Following in the footsteps of Piero della Francesca
A new initiative in Italy means it has never been easier to find the paintings of early Renaissance painter Piero della Francesca. Matilda Hickson followed the trail from Arezzo to Perugia, sampling the best of Tuscan cuisine as she went
The rooftops of Sansepolcro, home of Piero della Francesca (Image: David Butali)
I have been invited on a trip to Italy to check out an initiative by the Terre di Piero Project. This is a joint project from the Emilia Romagna, Marche, Tuscany and Umbria regions, who have put together a route to encourage visitors to see the paintings in situ of the well-known early Renaissance painter, Piero della Francesca (PDF). What a wonderful delight I thought! However, it had not got off to the best of starts. Our descent into Florence was one of the worst I have ever encountered with the plane doing a stomach flipping ‘drop’ in the sky followed by turbulence so bad that I had to shut my eyes so I couldn’t see the landscape bouncing up and down outside the window and I had to concentrate hard on not regurgitating my breakfast.
However once our feet were firmly back on the ground, things got decidedly better. We emerged into the weak sunlight of a brisk November day to meet our guides, Susanna and Francesca, who whisked us off straightaway to the former Etruscan hill top city of Arezzo. After a quick reception at the hotel we were off to explore one of Tuscany’s wealthiest cities.
Our first stop was to visit master goldsmiths Carlo and Matteo Badii, father and son who occupy a small premises with a tiny workshop that had been producing beautiful designs for over two hundred years. Arezzo has been a wealthy city for thousands of years. Back in Roman times this was due to the ‘Terra sigillata’ (red vases) pottery industry which thrived, and vases made in Arezzo were found in the farthest reaches of the Roman Empire. Today it is one of the most important manufacturing centres in the world for gold jewellery (and to a lesser extent silver and platinum too).
Leaving the jewels behind, we walked across the square towards the older part of the city (much of the medieval centre was destroyed during World War II (WWII)) and Susanna pointed out a statue of a monk holding a book of music. Who knew that music notation had been invented in Arezzo by a Benedictine monk? I love finding out things like that! But we were in for another treat. Leading the way up the steep streets to the cathedral, Susanna pointed out a loggia that had been designed by Vasari, who wrote The Lives of the Most Eminent Italian Architects, Painters and Sculptors published in 1550, and commented that he was also born here. Arezzo was becoming more interesting by the minute. On our way to the highest point in the city, we passed the former town hall, built by the Medici family, complete with an array of plaques on the wall and then finally, slightly panting from our exertions, the street opened out onto a green space with art installations and its 13th-16th century cathedral.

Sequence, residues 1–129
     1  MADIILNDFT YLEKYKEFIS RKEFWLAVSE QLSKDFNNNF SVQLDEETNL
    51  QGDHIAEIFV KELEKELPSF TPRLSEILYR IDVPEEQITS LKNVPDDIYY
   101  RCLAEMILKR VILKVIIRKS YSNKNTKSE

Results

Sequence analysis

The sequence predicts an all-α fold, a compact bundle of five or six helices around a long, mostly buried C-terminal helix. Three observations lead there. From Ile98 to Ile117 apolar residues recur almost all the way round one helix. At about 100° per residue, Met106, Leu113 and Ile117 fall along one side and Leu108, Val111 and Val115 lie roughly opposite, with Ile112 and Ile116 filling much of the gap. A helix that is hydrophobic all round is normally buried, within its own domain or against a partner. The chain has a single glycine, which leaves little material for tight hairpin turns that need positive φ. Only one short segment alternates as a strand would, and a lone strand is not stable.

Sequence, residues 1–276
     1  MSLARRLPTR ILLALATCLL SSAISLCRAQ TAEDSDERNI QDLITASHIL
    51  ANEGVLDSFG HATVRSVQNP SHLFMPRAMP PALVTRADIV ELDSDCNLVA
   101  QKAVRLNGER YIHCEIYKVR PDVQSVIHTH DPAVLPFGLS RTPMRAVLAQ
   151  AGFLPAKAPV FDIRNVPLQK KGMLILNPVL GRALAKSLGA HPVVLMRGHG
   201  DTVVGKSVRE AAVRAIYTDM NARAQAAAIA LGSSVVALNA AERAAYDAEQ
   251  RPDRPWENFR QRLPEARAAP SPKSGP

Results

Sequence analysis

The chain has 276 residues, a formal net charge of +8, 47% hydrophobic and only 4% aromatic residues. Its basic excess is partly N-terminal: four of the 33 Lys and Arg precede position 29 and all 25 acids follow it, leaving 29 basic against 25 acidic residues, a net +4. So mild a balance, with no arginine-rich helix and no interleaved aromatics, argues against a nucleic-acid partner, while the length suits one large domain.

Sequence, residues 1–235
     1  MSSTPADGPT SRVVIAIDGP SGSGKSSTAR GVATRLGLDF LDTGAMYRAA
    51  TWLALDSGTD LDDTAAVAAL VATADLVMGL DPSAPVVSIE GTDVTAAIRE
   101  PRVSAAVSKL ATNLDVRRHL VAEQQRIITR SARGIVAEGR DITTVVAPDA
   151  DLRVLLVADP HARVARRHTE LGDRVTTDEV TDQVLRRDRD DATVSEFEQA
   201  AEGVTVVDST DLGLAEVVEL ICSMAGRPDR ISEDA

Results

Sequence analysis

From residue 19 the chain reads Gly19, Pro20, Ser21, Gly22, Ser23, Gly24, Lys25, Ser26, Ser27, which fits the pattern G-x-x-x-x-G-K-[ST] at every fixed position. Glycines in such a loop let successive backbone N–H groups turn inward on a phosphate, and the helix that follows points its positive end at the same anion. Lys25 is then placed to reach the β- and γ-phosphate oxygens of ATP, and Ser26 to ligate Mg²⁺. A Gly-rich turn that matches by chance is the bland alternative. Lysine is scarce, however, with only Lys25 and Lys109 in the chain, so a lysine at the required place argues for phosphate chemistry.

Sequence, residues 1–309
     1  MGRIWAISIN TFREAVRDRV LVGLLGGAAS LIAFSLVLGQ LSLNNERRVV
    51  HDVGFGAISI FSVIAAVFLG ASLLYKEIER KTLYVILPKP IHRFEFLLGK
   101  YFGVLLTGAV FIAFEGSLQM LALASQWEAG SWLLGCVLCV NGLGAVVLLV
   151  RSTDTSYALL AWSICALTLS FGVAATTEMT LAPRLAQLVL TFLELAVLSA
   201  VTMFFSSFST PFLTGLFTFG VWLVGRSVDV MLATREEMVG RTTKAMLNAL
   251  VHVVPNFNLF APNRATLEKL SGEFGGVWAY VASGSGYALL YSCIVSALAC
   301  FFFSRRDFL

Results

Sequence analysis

Inside we found the first of Piero’s painting, his Maria Maddalena (left). Originally part of a larger fresco painted in the mid-14th century, in later times the cenotaph within the cathedral was moved and some of Piero’s painting was covered up and destroyed. Looking at the enigmatic figure you could see the sky behind is completely washed out. Susanna explained that it was once blue but the colour had disappeared because of the cheap pigment used to make the colour. On wet plaster it would fade to green but when applied to dry plaster it would completely fade, as it had done here.
Susanna also reminded us that it was thanks to English visitors on their ‘grand tours’ of Italy in the 19th century that Piero had been ‘rediscovered’ as a painter. Within a hundred years of his death, his work as an artist was forgotten and his paintings were considered old fashioned and his major altar pieces no longer used. In Vasari’s Lives he speaks of Piero primarily as a mathematician of great talent, and praises his understanding of the geometry of the third century BC mathematician Euclid better than anyone of his day. Vasari also bemoans Piero’s lack of fame, which he blames on Luca Pacioli, another mathematician, whom he claims stole Piero’s work and published it under his own name. It is only at the end of Piero’s entry that he is described as ‘also an excellent painter’.
We retraced our steps back down the hill to see the highlight of the day - one of Piero’s most famous works - The Legend of the True Cross, a monumental painting found in the 13th-century church of San Francesco. The story is painted in the choir of the church and is the history of the Cross used to crucify Christ, from sprig to tree of knowledge and then as its use as a bridge during the reigns of Solomon and the Queen of Sheba and also its discovery by Helena, mother of Constantine, the first Christian emperor. As with all works of art at this age, they were made for a purpose - to bring a message to the masses (often called ‘the bible of the poor’) - not just to be admired aesthetically. Susanna gave a masterful explanation of the whole narrative and we listened entranced while she took us through the story which unfolded before us.
Matilda's article is from the Summer 2016 issue of Timeless Travels magazine.
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